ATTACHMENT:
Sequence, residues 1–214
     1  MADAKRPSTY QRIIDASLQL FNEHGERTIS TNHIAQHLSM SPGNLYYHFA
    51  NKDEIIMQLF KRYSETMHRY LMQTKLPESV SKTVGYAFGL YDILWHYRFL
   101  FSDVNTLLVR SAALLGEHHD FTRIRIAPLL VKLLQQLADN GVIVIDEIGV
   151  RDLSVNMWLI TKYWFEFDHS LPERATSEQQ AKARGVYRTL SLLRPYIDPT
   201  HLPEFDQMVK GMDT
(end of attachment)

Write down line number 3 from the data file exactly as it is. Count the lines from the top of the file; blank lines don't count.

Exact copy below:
    51  NKDEIIMQLF KRYSETMHRY LMQTKLPESV SKTVGYAFGL YDILWHYRFL